confiance. of the exhibition and the connections it makes possible among
Eastern Christian communities and the Arab World Institute,
I t s w o r k f o c u s e s o n e d u c a t i o n (s c h o o l s , c r c h e s ,
uvre dOrient is a partner of the exhibition and has been
orphanages), social assistance (dispensaries, hospitals,
active in its preparation.
institutions for the disabled, retirement homes), cultural
actions, and diocesan life (scholarships, training, libraries, In general, this action is part of the mission of uvre dOrient
translation of books). to act in support of the heritage of Eastern Christianity by
making it known in France and by protecting it in situ. Eastern
From the beginning of the conflicts in Iraq and Syria, uvre
communities pass that heritage on to the universal Church
dOrient has provided humanitarian aid to displaced persons
and the entire world. It also bears witness to their roots in
and refugees. It is essential for Eastern Christians to remain in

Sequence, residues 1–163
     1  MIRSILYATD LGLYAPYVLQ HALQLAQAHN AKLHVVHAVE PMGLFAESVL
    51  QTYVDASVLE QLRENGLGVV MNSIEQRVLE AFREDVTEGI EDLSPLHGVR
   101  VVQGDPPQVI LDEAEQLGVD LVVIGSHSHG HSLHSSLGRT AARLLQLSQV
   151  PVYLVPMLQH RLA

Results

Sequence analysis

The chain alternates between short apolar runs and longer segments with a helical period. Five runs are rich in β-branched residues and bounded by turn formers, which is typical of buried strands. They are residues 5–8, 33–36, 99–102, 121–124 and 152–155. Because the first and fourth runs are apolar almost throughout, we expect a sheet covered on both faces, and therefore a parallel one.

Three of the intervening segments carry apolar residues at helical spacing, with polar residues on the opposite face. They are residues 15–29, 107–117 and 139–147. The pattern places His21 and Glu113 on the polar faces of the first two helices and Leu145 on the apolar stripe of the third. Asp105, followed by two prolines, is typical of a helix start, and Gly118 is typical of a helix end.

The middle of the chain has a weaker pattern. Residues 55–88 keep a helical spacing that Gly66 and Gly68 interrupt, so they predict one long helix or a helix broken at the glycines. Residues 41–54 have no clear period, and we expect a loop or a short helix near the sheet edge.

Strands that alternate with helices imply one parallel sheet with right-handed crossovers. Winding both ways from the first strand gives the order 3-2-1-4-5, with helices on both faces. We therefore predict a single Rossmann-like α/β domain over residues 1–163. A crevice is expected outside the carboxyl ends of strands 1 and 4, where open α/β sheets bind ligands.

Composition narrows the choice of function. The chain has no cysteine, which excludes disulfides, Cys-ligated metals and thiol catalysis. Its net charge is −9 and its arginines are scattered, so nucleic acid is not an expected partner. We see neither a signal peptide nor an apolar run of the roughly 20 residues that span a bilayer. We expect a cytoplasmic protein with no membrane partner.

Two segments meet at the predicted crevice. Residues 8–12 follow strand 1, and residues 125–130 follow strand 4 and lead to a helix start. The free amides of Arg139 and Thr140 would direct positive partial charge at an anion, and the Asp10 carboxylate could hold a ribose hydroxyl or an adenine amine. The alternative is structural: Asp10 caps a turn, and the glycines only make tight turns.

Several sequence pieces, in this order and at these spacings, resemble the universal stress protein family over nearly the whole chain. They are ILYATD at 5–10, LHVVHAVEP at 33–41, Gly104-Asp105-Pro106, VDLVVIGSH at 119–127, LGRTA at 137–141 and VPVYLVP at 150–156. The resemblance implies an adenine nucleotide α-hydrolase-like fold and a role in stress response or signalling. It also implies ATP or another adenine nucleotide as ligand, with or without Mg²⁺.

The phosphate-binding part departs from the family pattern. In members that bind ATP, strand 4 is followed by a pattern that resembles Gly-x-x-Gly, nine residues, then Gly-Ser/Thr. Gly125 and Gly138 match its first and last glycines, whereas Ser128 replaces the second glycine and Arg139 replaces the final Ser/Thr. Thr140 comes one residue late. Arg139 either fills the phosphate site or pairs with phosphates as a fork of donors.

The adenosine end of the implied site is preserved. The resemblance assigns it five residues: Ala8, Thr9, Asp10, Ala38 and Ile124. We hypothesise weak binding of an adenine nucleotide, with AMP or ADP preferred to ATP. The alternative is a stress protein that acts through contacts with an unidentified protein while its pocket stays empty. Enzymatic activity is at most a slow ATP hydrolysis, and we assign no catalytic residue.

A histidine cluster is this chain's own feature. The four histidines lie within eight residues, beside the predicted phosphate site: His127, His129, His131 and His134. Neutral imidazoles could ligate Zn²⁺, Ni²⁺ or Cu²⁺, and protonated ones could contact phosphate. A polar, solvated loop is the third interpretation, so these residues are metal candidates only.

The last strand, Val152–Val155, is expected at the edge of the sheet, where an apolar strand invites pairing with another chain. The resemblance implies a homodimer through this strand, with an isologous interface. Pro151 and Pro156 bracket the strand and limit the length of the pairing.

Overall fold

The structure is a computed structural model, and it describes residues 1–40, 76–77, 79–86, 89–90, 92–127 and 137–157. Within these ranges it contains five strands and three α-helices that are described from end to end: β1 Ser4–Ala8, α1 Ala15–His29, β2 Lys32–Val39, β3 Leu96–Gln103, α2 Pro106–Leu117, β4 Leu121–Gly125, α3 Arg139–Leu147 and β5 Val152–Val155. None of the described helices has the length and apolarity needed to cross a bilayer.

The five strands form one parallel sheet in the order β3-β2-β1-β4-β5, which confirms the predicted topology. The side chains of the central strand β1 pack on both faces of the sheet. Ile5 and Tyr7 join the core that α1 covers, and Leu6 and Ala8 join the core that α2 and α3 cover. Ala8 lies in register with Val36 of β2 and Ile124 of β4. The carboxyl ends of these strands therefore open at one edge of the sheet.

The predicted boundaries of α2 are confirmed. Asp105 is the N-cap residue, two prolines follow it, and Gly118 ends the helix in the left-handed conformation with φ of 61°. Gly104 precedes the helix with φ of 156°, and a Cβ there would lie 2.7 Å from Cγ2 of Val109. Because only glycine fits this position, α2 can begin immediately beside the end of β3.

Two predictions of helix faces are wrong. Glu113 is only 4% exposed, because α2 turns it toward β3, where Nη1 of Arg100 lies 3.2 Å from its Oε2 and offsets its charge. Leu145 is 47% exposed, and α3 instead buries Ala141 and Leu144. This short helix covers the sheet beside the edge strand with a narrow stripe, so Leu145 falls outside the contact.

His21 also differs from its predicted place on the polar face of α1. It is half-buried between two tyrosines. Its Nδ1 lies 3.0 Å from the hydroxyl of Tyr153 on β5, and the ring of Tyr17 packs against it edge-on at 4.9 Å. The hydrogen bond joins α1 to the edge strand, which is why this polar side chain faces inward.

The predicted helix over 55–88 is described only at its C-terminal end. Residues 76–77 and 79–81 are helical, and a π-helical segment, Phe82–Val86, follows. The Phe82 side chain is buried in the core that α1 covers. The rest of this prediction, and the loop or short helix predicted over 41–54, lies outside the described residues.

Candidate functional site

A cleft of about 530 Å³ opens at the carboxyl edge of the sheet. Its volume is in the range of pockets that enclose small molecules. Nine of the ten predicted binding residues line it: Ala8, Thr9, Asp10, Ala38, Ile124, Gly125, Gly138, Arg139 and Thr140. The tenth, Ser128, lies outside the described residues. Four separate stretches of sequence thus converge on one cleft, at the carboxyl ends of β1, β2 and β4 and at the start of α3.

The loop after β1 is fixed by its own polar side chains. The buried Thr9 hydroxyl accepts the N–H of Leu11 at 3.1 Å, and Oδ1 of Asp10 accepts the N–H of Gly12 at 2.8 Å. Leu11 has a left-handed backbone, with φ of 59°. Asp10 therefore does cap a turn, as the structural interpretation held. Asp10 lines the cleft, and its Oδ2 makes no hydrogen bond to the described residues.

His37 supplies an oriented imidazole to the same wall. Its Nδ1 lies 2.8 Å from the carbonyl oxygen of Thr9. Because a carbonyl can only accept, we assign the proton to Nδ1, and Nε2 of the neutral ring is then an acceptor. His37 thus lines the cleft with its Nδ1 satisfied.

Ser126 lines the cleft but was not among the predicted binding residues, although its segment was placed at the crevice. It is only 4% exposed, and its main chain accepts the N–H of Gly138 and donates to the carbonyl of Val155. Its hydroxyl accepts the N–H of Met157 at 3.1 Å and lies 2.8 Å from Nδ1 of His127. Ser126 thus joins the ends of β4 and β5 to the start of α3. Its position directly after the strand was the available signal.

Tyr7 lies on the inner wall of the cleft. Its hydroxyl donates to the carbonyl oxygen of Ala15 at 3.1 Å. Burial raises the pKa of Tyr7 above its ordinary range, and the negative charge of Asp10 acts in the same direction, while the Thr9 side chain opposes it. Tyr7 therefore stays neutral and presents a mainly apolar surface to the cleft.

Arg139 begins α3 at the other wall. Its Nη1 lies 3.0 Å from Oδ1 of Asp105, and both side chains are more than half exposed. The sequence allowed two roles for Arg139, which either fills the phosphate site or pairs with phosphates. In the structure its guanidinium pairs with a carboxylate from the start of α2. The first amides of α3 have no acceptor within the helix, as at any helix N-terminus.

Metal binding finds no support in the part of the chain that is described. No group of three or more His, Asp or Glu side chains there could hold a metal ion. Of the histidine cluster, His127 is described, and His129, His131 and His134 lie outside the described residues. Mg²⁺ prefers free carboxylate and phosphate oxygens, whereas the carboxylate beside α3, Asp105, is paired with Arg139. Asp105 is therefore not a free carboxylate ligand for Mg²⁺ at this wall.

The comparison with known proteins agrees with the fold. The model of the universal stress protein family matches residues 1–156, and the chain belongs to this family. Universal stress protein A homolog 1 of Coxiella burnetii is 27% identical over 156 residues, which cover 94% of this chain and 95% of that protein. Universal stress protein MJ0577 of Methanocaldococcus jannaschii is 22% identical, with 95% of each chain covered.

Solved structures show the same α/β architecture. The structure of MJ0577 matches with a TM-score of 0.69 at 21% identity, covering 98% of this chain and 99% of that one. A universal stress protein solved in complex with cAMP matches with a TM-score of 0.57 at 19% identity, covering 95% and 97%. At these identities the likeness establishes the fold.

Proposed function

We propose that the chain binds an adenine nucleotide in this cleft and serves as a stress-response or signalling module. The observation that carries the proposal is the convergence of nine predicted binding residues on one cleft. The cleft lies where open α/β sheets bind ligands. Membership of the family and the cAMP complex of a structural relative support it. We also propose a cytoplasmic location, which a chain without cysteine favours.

the lands and societies of the Middle East
their countries of origin: they have lived there since the origins
of Christianity and are vectors of peace in societies where

uvre dOrient 20 rue du Regard 75006 Paris
Tl. +(33) 0 1 45 48 54 46

Press contacts
cbaumont@oeuvre-orient.fr amilcent@oeuvre-orient.fr
press kit

Shared heritage online


The digital library Bibliothques dOrient, the fruit of coo- Bibliothques dOrient not only allows the general public
peration between the Bibliothque nationale de France (BnF) to discover an exceptional heritage, it contributes concretely
and seven heritage and research libraries in the Middle East, to protecting it. It is a firm commitment by the BnF, which
will be presented at the Arab World Institute in Paris and at is acting to protect threatened documentary heritage. Lau-
the Tourcoing Museum of Fine Arts on the occasion of the rence Engel, President of the BnF..
exhibition Eastern Christians: 2000 Years of History. By
Visitors to the site will discover a vast collection remarkable
bringing together its collections with those of its partners
digitised documents divided into six thematic sections. Pre-
and by making its technological know-how available for this
cious Hebrew manuscripts, maps that open new perspectives
project, the BnF is contributing to the preservation and dis-
on the social and economic history of Turkey, the ancestors
semination of an exceptional heritage. Bibliothques dOrient
of the Guide Bleus, preparatory drawings for the Description
was made possible through support from the Total Corporate
of Egypt, unpublished albums of photographs...are all docu-